9-1 RFSS: Lecture 9 Nuclear Reactions Readings: Modern Nuclear Chemistry, Chapter 10; Nuclear and Radiochemistry, Chapter 4 Notation Energetics of Nuclear.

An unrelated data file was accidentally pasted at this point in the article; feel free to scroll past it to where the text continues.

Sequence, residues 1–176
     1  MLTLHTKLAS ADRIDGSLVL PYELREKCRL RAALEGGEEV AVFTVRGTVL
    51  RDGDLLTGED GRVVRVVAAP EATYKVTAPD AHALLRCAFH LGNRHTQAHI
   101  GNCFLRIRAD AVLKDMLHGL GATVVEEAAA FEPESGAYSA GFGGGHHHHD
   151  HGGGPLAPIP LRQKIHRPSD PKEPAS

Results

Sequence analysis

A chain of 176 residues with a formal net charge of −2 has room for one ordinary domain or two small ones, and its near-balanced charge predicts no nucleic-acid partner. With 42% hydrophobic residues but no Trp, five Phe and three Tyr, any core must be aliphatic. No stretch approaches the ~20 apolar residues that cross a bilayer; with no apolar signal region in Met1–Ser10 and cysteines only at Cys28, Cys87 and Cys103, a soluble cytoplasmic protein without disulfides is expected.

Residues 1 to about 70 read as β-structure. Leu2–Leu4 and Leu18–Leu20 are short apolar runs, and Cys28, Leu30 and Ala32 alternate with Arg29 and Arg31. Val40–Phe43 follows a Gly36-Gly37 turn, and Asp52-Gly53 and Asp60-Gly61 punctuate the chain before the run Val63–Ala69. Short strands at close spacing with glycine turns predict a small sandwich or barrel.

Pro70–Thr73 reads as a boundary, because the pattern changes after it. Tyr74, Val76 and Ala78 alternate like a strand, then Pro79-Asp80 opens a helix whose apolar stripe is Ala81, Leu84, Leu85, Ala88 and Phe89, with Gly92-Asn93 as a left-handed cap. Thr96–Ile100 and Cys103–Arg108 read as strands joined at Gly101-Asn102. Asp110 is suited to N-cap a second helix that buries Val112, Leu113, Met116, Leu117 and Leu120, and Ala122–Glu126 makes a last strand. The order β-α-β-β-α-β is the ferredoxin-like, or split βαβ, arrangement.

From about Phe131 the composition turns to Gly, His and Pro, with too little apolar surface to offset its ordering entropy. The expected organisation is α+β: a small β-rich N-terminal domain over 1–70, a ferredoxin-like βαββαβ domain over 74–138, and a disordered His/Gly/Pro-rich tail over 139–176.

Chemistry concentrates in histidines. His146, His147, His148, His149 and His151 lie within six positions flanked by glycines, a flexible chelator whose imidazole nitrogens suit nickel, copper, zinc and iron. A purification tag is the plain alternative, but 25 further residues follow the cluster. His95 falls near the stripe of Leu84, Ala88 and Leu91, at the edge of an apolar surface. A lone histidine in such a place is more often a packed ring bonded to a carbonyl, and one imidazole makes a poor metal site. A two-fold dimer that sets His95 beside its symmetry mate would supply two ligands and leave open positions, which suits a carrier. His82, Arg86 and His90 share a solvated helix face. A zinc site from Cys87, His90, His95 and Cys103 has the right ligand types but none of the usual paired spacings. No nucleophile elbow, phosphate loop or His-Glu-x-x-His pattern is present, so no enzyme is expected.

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Slide 1 Slide 2 9-1 RFSS: Lecture 9 Nuclear Reactions Readings: Modern Nuclear Chemistry, Chapter 10; Nuclear and Radiochemistry, Chapter 4 Notation Energetics of Nuclear Reactions Reaction Types and Mechanisms Barriers Scattering Nuclear Reaction Cross Sections Reaction Observables Scattering Direct Reactions Compound Nuclear Reactions Photonuclear Reactions Nucleosynthesis Slide 3 9-2 Nuclear Reactions Nucleus reactions with a range of particles nucleus, subatomic particle, or photon to produce other nuclei Short time frame (picosecond) First nuclear reaction from Rutherford What reaction was this? Number of terms conserved during nuclear reactions Number of nucleons except in reactions involving creation or annihilation of antinucleons charge Energy momentum angular momentum parity Q is the energy of the reaction positive Q corresponds to energy release negative Q to energy absorption Q terms given per nucleus transformed Slide 4 9-3 Energetics Energetically many orders of magnitude greater than chemical reactions 14 N( ,p) 17 O Q=-1.193 MeV Convert energy to per molar basis 1 MeV = 1.60E-13 J Reaction energies so large that mass change is observable Chemical reactions in kJ/mole Slide 5 9-4 Energetics Reaction Q values Not necessarily equal to kinetic energy of bombarding particles for the reaction to occur Need more energy than Q value for reaction to occur *Reaction products will have kinetic energy that needs to come from reaction Conservation of momentum Some particles kinetic energy must be retained by products as kinetic energy Amount retained as kinetic energy of products Based on projectile mass Retained kinetic energy becomes smaller with increasing target mass Equation for kinetic energy (T): What does this mean about reaction Heavier target or heavier projectile? 248 Cm + 18 O 266 Rf 248 Cm Projectile 18 O Projectile Slide 6 9-5 Energetics: Reaction Barrier Need to consider laboratory and center of mass frame Laboratory frame conservation of momentum considers angle of particles Q value can be found if T x and are measured and particles known T p from experiment Center of mass Total particle angular momentum is zero Kinetic energy carried by projectile (T lab ) is not fully available for reaction T lab - T cm = T 0 T 0 is energy to be dissipated in reaction For reaction to occur Q + T 0 must be achieved Basis for threshold reaction Q + T 0 > 0 Slide 7 9-6 Reaction Barrier Threshold energy (minimum energy for reaction) Fraction of bombarding particles kinetic energy retained as kinetic energy of products becomes smaller with increasing mass of target Heavier target or heavier projectile? 248 Cm + 18 O 266 Rf Solve of laboratory T A for mass Slide 8 9-7 Reaction Barrier: Threshold Energy Consider the 14 N( ,p) 17 O reaction Find threshold energy Q from mass excess *Q=2.425 + 2.863 7.289 (-0.809) = -1.19 MeV Reaction barrier also induced by Coulomb interaction Need to have enough energy to react and overcome Coulomb barrier From charge repulse as particle approach each other *R is radius *r o =1.1 to 1.6 fm Equation can vary due to r o V c can be above threshold energy Center of mass, need to bring to laboratory frame Consider kinetic energy carried by projectile 3.36x ((14+4)/14) = 4.32 MeV alpha needed for reaction Slide 9 9-8 Cross Section Values and Limits Reaction cross section of R 2 is approximated at high energies Wave nature of incident particle causes upper limit of reaction cross section to include de Broglie wavelength So cross section can be larger than area due to incoming particle wavelength Expressed as an increase in R, quantum in nature Collision between neutron and target nucleus characterized by distance of closest approach B is impact parameter Slide 10 9-9 Cross sections Angular momentum of system is normal to the relative momentum p b any value between 0 and R l =0,1,2,b angular momentum l Sum all l from 0 to l max Cross section based on summation of l cross sections For this reason nuclear reaction cross sections can be several orders of magnitude larger than the nuclear geometrical cross section Manifest by slow-neutron reactions Slide 11 9-10 Cross section Quantum-mechanical treatment T is the transmission coefficient for reaction of a neutron with angular momentum Represents fraction of incident particles with angular momentum that penetrate within range of nuclear forces Provides summing term to increase cross section Reason why cross section can be larger than physical size of nucleus l is partial cross section of given angular momentum l General trends for neutron and charged particles Charged particle cross section minimal at low energy Neutron capture cross section maximum at low energy Slide 12 9-11 Measuring Cross Section: Excitation Functions Variation of reaction cross section with incident energy Shape can be determined by exposing several target foils in same beam with energy- degrading Simultaneous measurement of multiple particle energies Provide information about probabilities for emission of various kinds and combination of particles in nuclear reactions formation of given product implies what particles were ejected from target nuclide Range of cross sections can be evaluated Detection limit of product can influence cross section limit measurement Slide 13 9-12 Barriers for Charged Particles Coulomb repulsion between charged bombarding particles and nucleus Repulsion increases with decreasing distance of separation until charged particle comes within range of nuclear forces Probability of tunneling through barrier drops rapidly as energy of particle decreases Coulomb barriers affect charged particles both entering and leaving the nucleus Charged particles emitted from nuclei experience Coulomb repulsion during emission greater than 1 MeV seen with position emission Related to change in cross section with energy for charged particle reactions Maximum cross section dependent upon energy